Questioning the subversive power of Paris is Burning

Although Harper, Hilderbrand, and hooks question the subversive power of Paris is Burning from different angels and in varying degrees, they seem to agree that one reason for the films failure to offer its subjects actual real-life agency are the subversive limitations of drag itself. Through exaggeration, drag exposes the norms by which heteronormativity can operate, but does not undermine them entirely. It can deconstruct the system, but not necessarily reconstruct it. After all, the marginalized in society (in this case black gay men) are usually left to use whatever form of expression is available within the system, precisely because they do not have enough power to fight it. A mode that troubles and disrupts the norms of the system (like the hyperbolic statements of drag), still does not necessarily subvert, and more importantly, reconstruct those norms. The drag performer’s imitation of rich white women fails as an affirmative form of self-representation or identity creation, because it is rooted in the power structure that organizes a dominantly-white heterosexual society. As bell hook’s argues, “the tragedy and sadness of this film is evoked by the willingness of black gay men to knock themselves out imitating a ruling class culture and power elite that is one of the primary agents of their oppression and exploitation” (150). That’s not to say that the drag performers can’t, and don’t, take pleasure in exaggerating and satirizing the images of the white rich elite. In deed, their drag imitations are a form of criticism, rather than just pure fascination. Still, whether drag in this form is de facto liberating for any given participant is arguable.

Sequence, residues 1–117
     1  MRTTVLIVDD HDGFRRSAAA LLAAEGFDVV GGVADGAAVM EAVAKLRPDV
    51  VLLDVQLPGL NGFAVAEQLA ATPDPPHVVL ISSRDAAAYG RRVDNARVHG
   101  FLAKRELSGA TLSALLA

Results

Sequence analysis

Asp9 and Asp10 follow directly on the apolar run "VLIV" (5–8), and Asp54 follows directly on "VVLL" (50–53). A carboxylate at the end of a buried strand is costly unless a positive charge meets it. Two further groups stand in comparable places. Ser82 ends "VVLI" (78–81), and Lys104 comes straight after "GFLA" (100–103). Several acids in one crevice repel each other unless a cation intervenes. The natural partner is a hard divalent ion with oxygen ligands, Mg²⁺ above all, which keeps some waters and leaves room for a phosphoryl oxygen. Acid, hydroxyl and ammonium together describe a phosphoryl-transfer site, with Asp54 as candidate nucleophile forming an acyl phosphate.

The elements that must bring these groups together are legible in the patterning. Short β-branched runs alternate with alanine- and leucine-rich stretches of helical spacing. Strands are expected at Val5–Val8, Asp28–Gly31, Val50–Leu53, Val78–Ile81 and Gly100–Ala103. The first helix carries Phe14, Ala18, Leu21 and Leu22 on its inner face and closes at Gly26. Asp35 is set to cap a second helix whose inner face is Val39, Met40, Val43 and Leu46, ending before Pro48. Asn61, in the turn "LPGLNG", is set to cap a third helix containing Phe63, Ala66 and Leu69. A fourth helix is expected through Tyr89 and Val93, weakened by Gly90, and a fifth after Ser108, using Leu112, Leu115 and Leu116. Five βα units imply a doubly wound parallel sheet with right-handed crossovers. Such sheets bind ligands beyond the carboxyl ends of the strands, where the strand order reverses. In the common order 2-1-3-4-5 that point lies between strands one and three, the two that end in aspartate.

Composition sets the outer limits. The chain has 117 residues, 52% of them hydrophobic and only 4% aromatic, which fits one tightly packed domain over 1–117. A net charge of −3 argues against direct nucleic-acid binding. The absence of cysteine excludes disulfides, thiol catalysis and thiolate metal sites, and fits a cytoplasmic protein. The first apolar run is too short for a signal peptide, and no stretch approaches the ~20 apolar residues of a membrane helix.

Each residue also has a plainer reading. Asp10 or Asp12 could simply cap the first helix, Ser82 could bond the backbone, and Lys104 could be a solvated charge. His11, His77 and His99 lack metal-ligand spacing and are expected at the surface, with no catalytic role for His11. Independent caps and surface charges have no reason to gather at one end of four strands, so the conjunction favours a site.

I think that when it comes to undermining any gender, sexuality or race oppressive system, rejection and reversal of set roles is a first step. However, it’s vital to recognize that that is not enough, because the reversal still operates within a system of binaries. We should work to dissolve the categories and distinctions that confine and disempower certain groups of individuals. 

hooks, bell. “Is Paris Burning?” Black Looks: Race and Representation. Boston: South End, 1992. 145-56. Print.

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